“We don’t know how long Adam and Eve were in the Garden”: Genre and the Temple, Part 3

See here and here for parts 1 and 2

Some Latter-day Saints, including some General Authorities like Joseph Fielding Smith, have tried to resolve apparent discrepancies between scripture and science on the age of the earth by asserting that “we don’t know how long Adam and Eve were in the garden.” The implication is that the while the earth went on existing, potentially for millions or billions of years, Adam and Eve remained effectively in stasis in the garden planted eastward in Eden.

I see three arguments against this view.

Continue reading ““We don’t know how long Adam and Eve were in the Garden”: Genre and the Temple, Part 3″

Interpreting Scripture, History, Science, and Creation: A Free Course by Me!

Red brick store in Nauvoo, where the first endowments were done on May 4, 1842.

Edit: I’ve added this syllabus to the main menu at left, and simplified the url for easy access, to http://BenSpackman.com/syllabus

May 4th holds significance in LDS history: it’s the day Joseph Smith introduced temple ordinances in the upper room of the red brick store in 1842. The temple ties together a number of questions, like: Continue reading “Interpreting Scripture, History, Science, and Creation: A Free Course by Me!”

Literal Interpretation of the Scriptures: Why We Need MORE

Melvin Cook, famous chemist and ardent LDS young-earth creationist, thought scripture should be interpreted literally.

My analysis is intended to be strictly literalistic; in my view, intellectual honesty requires literalism in the interpretation of the scriptures.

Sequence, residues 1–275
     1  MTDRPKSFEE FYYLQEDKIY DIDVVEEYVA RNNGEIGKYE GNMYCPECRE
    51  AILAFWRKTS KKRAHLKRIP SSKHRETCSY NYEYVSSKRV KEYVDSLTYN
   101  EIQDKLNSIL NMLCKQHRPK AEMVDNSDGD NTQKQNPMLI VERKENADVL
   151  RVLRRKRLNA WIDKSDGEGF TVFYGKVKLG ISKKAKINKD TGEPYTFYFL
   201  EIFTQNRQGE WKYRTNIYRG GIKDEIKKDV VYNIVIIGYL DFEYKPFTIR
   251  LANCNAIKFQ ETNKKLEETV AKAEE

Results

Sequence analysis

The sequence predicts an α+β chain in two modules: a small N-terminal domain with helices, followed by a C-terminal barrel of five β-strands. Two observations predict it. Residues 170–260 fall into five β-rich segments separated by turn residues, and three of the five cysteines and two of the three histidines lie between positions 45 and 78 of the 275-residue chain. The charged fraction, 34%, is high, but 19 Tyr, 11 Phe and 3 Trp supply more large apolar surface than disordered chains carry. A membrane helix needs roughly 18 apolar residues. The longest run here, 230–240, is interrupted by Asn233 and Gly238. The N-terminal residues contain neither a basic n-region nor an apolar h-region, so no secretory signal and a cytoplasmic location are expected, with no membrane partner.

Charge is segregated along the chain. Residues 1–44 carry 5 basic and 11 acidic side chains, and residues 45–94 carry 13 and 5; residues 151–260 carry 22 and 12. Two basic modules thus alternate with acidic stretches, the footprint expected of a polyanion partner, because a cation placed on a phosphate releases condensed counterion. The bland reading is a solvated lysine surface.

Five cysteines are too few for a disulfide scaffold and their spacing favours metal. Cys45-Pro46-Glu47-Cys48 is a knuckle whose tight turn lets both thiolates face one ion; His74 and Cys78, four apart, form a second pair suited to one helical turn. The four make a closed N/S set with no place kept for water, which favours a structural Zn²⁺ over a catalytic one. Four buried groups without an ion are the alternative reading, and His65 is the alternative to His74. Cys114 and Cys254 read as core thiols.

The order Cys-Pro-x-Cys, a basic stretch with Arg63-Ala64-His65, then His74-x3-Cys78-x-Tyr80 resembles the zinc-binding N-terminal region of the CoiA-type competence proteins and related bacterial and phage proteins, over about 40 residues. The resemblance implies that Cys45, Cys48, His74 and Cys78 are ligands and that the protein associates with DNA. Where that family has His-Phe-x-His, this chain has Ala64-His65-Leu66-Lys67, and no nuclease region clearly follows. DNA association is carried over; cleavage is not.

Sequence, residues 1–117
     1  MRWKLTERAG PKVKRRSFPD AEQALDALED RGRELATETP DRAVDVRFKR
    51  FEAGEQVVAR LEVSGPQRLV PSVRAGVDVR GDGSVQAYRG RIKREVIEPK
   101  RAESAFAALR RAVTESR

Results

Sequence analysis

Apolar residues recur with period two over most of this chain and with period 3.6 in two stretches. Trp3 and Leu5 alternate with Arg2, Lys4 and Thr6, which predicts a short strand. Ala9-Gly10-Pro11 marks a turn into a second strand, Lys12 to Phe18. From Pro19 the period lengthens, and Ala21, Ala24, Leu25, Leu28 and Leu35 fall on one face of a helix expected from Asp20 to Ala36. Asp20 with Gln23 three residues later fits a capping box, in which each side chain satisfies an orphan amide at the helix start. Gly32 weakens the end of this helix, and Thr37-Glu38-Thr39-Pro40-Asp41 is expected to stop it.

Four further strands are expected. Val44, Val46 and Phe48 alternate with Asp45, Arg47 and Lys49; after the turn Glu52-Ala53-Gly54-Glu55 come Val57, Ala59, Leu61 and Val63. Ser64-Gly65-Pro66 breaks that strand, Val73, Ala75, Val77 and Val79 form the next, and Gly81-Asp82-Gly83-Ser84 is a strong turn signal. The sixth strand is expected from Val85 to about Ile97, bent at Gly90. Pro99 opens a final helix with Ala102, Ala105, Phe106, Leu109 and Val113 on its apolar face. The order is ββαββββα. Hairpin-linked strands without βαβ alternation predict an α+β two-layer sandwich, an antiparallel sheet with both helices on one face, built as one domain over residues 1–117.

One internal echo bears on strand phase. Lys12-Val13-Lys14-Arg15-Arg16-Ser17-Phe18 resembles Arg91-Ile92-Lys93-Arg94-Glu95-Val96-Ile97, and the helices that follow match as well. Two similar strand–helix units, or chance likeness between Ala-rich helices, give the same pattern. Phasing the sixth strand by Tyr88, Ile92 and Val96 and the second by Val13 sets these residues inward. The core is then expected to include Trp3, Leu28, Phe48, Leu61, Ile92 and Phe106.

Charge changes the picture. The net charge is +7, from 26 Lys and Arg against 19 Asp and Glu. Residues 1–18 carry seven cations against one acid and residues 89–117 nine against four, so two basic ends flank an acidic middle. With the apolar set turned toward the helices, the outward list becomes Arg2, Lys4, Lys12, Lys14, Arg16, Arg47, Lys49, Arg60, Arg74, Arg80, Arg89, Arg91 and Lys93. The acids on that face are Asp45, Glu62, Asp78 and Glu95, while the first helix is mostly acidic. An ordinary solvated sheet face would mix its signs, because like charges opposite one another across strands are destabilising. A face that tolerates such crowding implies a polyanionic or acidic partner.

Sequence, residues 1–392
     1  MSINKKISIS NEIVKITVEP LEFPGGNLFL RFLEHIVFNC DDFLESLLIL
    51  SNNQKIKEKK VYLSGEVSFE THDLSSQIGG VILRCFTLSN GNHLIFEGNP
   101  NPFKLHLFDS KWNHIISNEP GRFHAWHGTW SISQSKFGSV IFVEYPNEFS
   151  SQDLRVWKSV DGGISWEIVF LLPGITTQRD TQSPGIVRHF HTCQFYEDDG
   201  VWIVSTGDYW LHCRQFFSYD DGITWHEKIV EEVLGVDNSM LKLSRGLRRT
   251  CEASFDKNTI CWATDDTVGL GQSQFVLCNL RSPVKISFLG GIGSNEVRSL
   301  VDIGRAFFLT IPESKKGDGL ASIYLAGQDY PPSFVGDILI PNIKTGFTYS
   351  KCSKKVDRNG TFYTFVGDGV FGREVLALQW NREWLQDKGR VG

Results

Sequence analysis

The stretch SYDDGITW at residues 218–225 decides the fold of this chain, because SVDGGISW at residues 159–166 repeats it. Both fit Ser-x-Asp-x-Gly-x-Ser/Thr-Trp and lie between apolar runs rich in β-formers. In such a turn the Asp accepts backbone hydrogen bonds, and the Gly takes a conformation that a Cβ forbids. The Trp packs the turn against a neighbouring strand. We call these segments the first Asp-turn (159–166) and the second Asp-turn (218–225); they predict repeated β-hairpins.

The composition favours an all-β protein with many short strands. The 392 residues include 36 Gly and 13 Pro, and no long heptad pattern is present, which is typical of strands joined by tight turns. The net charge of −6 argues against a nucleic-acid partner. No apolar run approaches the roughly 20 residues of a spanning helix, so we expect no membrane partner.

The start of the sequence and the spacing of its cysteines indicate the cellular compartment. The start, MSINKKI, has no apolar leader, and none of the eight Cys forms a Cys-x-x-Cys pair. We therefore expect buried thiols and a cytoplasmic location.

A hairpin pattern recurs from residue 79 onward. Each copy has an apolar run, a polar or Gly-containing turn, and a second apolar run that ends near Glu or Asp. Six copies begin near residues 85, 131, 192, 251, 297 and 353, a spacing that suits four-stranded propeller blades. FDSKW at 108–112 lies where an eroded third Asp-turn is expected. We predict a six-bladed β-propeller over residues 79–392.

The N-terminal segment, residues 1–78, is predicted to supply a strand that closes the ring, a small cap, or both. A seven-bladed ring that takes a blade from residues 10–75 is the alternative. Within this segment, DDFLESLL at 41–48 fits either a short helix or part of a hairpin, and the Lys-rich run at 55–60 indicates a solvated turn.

President Joseph Fielding Smith also made repeated statements about the necessity of reading scripture literally.

I agree with them. But I’ll go one better and do something they never did: I’m going to define the term “literal.” Continue reading “Literal Interpretation of the Scriptures: Why We Need MORE”

The Philosophies of Men, Mingled with Monopoly

Something insidious infects our children from the moment they’re born. It’s unstoppable. It surrounds us, burrows in deep, far below our conscious minds, and like a computer virus, writes subtle programming that dictates our worldview, our attitudes, and assumptions, shaping our very reflexes… Ahem. Shifting away from threatening apocalyptic movie-trailer voice, I’m speaking, of course, about culture and tradition, terms I’ll use interchangeably here. Continue reading “The Philosophies of Men, Mingled with Monopoly”

Joseph Fielding Smith’s Assumptions

The future is difficult to plan right now, but I’m happy to report my proposal for the American Academy of Religion (AAR) national conference has been accepted. It traditionally meets with the Society of Biblical Literature in a massive multi-day conference attended by thousands. This year it’s in Boston, mid/late November. I pray by then we’ll be back to some kind of normalcy. Continue reading “Joseph Fielding Smith’s Assumptions”

How to Build Resilient Faith: An Almost Ensign Article

In late 2014, I heard the story of a friend of a friend who had lost faith and left the Church. I wished there was something semi-authoritative I could have pointed to which would have shifted this person’s paradigm in healthier and more robust directions. Yes, there’s lots of material like that… but not directly published by the Church. Frustrated I couldn’t find something, I decided to write it myself, for catharsis. I did a little research, wrote up an article in Ensign style, and passed it around to some academic and Church-employed friends, who encouraged me to submit it. To my surprise, the article received enthusiastic acceptance, was given a contract number, and set to run some time in 2016…

Continue reading “How to Build Resilient Faith: An Almost Ensign Article”